by tonytran2015 (Melbourne, Australia)
#find North, #direction, #time, #Sun, #Moon, #phases, #hidden Sun, #navigation, #survival.
Finding North direction from the Moon cannot not be as accurate as from the Sun. There are many causes for this:
1/- The Moon does not always rise on the principal East (at 90 degree of the compass rose).
2/- We cannot work out by heart the Moon’s declination (up to +/- 5.1 degrees to the ecliptic, and 23.5+5.1 degrees to the Celestial equator ).
3/- We cannot easily work out when the Moon reaches its highest elevation angle at its meridian time. The Moon does not often cast strong shadows for shadow sticks to work.
Here I describe my new method to find out North direction and time with improved accuracy. The method uses shape and position of the Moon, solar declination and user latitude to work out the position of the hidden Sun, then work out North direction and approximate local time with an accuracy of 30 minutes. Literally, the user can work out North direction and the local time with his bare hands.
I have field tested this method and I have relied on it for many years.
1. Basic information on the Moon for navigation.
Figure 1: Moon phase chart for a Solar declination of (-20) deg (South).
Figure 2: A crescent Moon may not align itself to the terrestrial East or West horizon points (see texts).
The Moon is a satellite of the earth. Everyday Moon-rise and Moon-set time is retarded by about 50 minutes. This allows the Sun to travel further on its journey every subsequent night. Therefore after full Moon the partial bright side stays on the East (trailing) side and dark crescent appears on the West and dark area gets fatter daily until the whole moon is dark. Similarly, from new Moon a bright crescent appears on the West and grows fatter and bright area gets fatter daily until full Moon is reached. The bright side of a partial Moon tilts towards the Sun, which may be in the Northern or Southern Celestial hemisphere. Figure 1 gives the Moon phase chart for a Solar declination of (-20) deg (South).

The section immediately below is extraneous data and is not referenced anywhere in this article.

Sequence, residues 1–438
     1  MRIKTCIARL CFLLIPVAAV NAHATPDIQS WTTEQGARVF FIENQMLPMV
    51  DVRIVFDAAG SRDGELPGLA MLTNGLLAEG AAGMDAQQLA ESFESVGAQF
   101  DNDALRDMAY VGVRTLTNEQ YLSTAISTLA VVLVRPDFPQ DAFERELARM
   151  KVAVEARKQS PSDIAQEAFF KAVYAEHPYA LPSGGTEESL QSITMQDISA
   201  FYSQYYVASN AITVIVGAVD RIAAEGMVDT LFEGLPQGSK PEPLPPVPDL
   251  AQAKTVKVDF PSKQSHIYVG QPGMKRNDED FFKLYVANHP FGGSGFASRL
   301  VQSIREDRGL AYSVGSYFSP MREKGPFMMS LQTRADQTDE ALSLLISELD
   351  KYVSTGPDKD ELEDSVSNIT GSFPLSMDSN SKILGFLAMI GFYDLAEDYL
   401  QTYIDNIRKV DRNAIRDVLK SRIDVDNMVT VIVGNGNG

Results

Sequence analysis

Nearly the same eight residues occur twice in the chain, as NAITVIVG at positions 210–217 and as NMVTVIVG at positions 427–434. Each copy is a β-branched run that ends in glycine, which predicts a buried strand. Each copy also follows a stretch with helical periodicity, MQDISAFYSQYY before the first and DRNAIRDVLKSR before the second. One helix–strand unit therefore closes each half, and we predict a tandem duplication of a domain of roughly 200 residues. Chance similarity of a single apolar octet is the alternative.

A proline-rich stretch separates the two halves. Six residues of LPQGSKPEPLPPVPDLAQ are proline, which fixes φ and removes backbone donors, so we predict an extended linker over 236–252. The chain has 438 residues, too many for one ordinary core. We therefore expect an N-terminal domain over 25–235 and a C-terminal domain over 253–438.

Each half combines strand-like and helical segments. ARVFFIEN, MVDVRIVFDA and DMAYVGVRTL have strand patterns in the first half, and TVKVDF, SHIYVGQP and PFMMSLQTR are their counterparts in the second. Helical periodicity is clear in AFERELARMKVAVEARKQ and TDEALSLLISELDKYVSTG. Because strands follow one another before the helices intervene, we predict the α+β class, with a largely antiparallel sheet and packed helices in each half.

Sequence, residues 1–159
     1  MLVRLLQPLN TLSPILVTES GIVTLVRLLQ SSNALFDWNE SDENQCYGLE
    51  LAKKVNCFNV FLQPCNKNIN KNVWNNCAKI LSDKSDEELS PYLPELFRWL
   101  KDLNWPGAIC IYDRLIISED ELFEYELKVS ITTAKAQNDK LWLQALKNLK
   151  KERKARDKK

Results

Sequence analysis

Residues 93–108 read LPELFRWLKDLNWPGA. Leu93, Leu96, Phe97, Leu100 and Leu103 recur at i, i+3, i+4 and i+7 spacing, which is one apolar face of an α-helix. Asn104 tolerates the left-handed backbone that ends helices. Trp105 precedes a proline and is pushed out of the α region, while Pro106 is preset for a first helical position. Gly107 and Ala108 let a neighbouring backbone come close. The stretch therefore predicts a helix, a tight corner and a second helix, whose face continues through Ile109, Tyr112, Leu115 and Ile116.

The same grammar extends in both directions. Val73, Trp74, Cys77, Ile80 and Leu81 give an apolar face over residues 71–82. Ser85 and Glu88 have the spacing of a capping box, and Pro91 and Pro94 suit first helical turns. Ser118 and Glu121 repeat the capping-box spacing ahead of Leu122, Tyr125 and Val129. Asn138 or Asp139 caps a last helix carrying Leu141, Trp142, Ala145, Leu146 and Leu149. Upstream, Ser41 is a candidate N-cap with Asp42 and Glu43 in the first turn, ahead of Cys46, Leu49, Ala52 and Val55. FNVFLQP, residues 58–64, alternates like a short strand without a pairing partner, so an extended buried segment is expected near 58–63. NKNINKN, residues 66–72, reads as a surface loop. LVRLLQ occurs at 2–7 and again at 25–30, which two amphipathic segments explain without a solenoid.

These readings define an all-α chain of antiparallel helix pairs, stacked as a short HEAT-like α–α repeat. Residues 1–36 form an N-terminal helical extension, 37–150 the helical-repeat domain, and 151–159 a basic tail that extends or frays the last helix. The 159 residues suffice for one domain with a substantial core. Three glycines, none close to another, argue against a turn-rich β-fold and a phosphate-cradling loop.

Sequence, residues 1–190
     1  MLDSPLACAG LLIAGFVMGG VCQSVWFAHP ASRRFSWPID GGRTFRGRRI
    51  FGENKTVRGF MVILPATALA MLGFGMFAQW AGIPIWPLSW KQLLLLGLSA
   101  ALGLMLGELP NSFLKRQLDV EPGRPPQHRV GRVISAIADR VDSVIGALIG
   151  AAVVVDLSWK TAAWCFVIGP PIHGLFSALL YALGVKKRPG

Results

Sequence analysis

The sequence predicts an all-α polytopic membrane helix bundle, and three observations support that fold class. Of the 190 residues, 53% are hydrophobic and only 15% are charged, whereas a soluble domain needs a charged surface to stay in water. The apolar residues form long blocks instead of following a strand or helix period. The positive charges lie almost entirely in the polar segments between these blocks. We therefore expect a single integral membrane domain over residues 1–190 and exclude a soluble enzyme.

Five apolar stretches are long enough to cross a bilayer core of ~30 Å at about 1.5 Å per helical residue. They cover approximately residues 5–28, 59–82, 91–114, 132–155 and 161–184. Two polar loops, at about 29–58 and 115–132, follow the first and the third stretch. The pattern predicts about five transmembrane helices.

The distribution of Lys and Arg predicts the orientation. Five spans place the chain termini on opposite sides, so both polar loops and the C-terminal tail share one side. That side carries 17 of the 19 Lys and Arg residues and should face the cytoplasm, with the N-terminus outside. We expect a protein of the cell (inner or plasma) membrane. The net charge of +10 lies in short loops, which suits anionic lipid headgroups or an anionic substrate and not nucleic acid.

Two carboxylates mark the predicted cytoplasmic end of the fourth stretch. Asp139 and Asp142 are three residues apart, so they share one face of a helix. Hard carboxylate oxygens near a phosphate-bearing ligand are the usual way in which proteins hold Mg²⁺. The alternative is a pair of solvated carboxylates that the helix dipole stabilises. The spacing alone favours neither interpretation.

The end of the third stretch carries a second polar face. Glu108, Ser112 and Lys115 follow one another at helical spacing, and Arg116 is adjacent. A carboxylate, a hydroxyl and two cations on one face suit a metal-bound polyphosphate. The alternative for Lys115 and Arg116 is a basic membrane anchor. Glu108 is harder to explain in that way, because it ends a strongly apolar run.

Figure 2 of this section shows a crescent Moon on the Celestial sphere. The horizontal great circle represents the horizon of the observer. The inclined great circle represent the Celestial equator and the arrow through the center of the sphere represents the Celestial axis. The circle parallel to the Celestial equator is a constant declination circle being the trajectory of the Moon during the hours. The two intersection points of the two great circles are the terrestrial East and West points of the horizon. This picture shows that the crescent Moon may point its bright to dark line far away from the terrestrial East or West points when there is a combination of high declinations of both the Moon and the Sun on the same side of the Celestial equator.
Each Lunar (Moon) cycle begins with the Moon being visible as a thin bright arc in the sky (called a New Moon), trailing the Sun by less than one hour. After Sunset this thin Moon is seen bright on the West until it sets. On subsequent days, the Moon is more and more behind the Sun, its position shifts gradually towards the East and the Moon remains for longer and longer duration in the night sky till full Moon day. After full Moon day, the Moon (now called a Late Moon) becomes thinner and thinner and is seen risen in the East in the night, it remains visible in the sky after Sunrise, and travels ahead of the Sun. On subsequent days, its lead on the Sun gradually reduces. Near the end of the cycle, the Moon is visible as only a thin bright arc rising in the East for less than one hour before Sunrise and after Sunrise it can still be seen leading the Sun by that same amount of time. At the end of the Lunar cycle, the Moon sends no reflection of Sunlight to Earth and is too close to the Sun to be visible in the day sky.